IDIV is for Signed Integer Division while DIV is for Unsigned Integer Division
Usage: IDIV src
Modifies flags: (AF,CF,OF,PF,SF,ZF undefined)
Signed binary division of accumulator by source. If source is a byte value, AX is divided by "src" and the quotient is stored in AL and the remainder in AH. If source is a word value, DX:AX is divided by "src", and the quotient is stored in AX and the remainder in DX. If "src" is a dword value, EDX:EAX is divided by "src", and the quotient is stored in EAX and the remainder in EDX.
mov edx, 7 ; most significant dword of qword in edx:eax (positive integer)
mov eax, 21 ; least significant dword of qword in edx:eax (positive integer)
mov ecx, 22 ; "src" (positive integer)
idiv ecx ; Signed Integer Division
; the quotient is stored in EAX (in this case: the positive integer 4DE9 BD38h or 1 307 163 960 decimal)
; the remainder is stored in EDX (in this case: 0000 000Eh or 15t, as per OllyDbg's trace)
In case of a two's complement (thus, negative) qword integer in EDX:EAX (like FFFF FFFFh in edx and FFFF FFEAh in eax, a signed integer of -22 in decimal), the result would be 0000 0000h in edx and FFFF FFFFh in eax, or -1 decimal), like in:
mov edx, -1 ; trace displays EDX = FFFF FFFF
mov eax, -22 ; trace displays EAX = FFFF FFEA
mov ecx, 22
; once here, EDX = 0 (remainder)
; and EAX = -1 (or FFFF FFFFh, the two's complement representation of -1)
In assembler, the interpretation of such a result is left up to the programmers' intents.
To get the two's complement representation of negative integer -1,
take a 32-bit representation of 1 = 0000 0000 0000 0000 0000 0000 0000 0001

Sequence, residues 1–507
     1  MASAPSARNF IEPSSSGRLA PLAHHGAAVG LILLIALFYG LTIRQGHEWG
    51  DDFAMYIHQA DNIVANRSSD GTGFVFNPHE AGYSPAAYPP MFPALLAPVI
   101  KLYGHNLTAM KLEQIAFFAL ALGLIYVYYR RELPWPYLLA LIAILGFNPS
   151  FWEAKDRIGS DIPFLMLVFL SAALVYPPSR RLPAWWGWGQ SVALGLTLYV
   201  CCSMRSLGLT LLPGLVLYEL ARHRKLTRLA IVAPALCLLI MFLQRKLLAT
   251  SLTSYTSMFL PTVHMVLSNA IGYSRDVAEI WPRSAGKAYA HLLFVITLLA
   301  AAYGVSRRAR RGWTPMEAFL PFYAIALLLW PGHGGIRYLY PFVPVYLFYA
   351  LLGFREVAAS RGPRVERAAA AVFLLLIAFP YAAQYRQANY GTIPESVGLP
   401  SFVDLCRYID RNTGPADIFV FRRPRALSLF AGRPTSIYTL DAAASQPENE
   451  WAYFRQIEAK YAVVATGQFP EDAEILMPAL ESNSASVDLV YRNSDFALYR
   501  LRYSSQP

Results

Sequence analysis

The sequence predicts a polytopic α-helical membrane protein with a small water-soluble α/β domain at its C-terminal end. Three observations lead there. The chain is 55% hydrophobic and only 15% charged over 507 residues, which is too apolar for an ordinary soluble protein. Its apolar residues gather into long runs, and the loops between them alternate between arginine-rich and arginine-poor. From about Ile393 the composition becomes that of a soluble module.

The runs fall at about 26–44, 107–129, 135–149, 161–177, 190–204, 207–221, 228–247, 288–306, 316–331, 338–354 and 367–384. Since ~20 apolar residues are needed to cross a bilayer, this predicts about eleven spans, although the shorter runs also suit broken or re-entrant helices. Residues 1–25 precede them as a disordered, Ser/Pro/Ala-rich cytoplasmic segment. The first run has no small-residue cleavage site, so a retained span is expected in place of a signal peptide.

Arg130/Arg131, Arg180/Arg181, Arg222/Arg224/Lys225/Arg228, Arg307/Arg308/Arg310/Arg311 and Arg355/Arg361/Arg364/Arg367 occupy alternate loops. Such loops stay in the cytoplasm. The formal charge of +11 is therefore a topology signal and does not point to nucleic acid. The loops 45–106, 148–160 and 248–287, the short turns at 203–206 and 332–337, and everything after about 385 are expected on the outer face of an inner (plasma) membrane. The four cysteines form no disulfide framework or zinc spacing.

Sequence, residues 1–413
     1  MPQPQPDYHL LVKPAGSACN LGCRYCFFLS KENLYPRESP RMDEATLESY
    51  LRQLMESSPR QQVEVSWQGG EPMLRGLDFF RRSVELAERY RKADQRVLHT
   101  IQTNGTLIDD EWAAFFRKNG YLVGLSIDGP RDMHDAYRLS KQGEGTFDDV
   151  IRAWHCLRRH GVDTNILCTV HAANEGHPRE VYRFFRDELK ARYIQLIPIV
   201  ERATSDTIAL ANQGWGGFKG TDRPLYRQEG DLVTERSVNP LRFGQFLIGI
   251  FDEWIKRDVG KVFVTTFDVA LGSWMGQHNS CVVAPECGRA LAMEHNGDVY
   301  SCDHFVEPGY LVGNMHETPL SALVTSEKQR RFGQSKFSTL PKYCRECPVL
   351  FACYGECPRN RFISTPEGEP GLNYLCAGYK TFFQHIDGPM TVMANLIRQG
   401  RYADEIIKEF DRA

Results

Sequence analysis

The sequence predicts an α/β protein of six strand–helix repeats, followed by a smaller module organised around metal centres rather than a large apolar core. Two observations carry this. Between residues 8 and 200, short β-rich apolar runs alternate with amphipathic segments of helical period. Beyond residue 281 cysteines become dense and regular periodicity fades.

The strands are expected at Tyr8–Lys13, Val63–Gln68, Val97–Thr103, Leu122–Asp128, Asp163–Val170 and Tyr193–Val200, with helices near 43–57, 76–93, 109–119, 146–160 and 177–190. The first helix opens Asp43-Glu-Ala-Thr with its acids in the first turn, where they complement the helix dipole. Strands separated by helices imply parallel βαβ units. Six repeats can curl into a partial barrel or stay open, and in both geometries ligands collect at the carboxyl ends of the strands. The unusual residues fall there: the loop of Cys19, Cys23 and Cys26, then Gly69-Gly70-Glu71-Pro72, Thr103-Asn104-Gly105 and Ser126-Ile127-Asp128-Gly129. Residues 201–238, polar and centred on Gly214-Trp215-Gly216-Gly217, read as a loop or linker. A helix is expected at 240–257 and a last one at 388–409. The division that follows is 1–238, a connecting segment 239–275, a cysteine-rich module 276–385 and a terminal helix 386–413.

Complement (change to opposite) = 1111 1111 1111 1111 1111 1111 1111 1110
Add 0000 0000 0000 0000 0000 0000 0000 0001
to the "one's complement" you just
obtained by passing 0000 0000 0000 0000 0000 0000 0000 0001
through simple inverters, or NOT gates, if you will, and you
end up with its "two's complement":
1111 1111 1111 1111 1111 1111 1111 1111b, or FFFF FFFFh, or -1t
(The state of the carry flag is always ignored.)
The ALU in the CPU is wired with "adders" (it doesn't know how to subtract, only add).
The reason is, it's much easier to "wire" circuits that add, than circuits that subtract, thus, it's much cheaper to build, and it "saves" a lot of space on the chip (at "micron" scale) for other stuff.
Extend the MSB to all higher positions in order to keep the representation accurate for larger operands (like from DWORD to QWORD, for example). In the example above, EDX = FFFF FFFF "extends" the most significant bit of FFFF FFEA in EAX, by just giving all binary positions of EDX a value of 1 each.
Hope that helps (x'cuze my bad writing)
It's a bit "tricky" but it's useful sometimes.